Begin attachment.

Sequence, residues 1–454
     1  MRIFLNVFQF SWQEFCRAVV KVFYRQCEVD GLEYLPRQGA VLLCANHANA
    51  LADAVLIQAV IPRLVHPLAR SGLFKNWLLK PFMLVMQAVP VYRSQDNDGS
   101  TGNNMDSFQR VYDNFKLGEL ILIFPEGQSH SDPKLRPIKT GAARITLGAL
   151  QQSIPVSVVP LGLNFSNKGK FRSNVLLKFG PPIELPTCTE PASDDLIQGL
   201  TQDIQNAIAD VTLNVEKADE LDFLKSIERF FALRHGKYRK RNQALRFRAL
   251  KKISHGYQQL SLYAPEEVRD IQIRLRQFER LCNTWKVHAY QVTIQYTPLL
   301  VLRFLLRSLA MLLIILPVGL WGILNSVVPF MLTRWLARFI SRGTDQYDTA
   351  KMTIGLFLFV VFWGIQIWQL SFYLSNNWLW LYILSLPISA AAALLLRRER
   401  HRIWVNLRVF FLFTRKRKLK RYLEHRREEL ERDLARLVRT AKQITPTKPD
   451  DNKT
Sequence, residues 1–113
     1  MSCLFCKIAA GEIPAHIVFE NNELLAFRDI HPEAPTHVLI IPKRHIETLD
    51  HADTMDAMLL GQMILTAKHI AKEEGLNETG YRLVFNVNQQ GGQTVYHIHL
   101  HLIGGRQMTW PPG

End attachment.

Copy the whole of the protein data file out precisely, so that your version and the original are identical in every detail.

Sequence, residues 1–454
     1  MRIFLNVFQF SWQEFCRAVV KVFYRQCEVD GLEYLPRQGA VLLCANHANA
    51  LADAVLIQAV IPRLVHPLAR SGLFKNWLLK PFMLVMQAVP VYRSQDNDGS
   101  TGNNMDSFQR VYDNFKLGEL ILIFPEGQSH SDPKLRPIKT GAARITLGAL
   151  QQSIPVSVVP LGLNFSNKGK FRSNVLLKFG PPIELPTCTE PASDDLIQGL
   201  TQDIQNAIAD VTLNVEKADE LDFLKSIERF FALRHGKYRK RNQALRFRAL
   251  KKISHGYQQL SLYAPEEVRD IQIRLRQFER LCNTWKVHAY QVTIQYTPLL
   301  VLRFLLRSLA MLLIILPVGL WGILNSVVPF MLTRWLARFI SRGTDQYDTA
   351  KMTIGLFLFV VFWGIQIWQL SFYLSNNWLW LYILSLPISA AAALLLRRER
   401  HRIWVNLRVF FLFTRKRKLK RYLEHRREEL ERDLARLVRT AKQITPTKPD
   451  DNKT
Sequence, residues 1–113
     1  MSCLFCKIAA GEIPAHIVFE NNELLAFRDI HPEAPTHVLI IPKRHIETLD
    51  HADTMDAMLL GQMILTAKHI AKEEGLNETG YRLVFNVNQQ GGQTVYHIHL
   101  HLIGGRQMTW PPG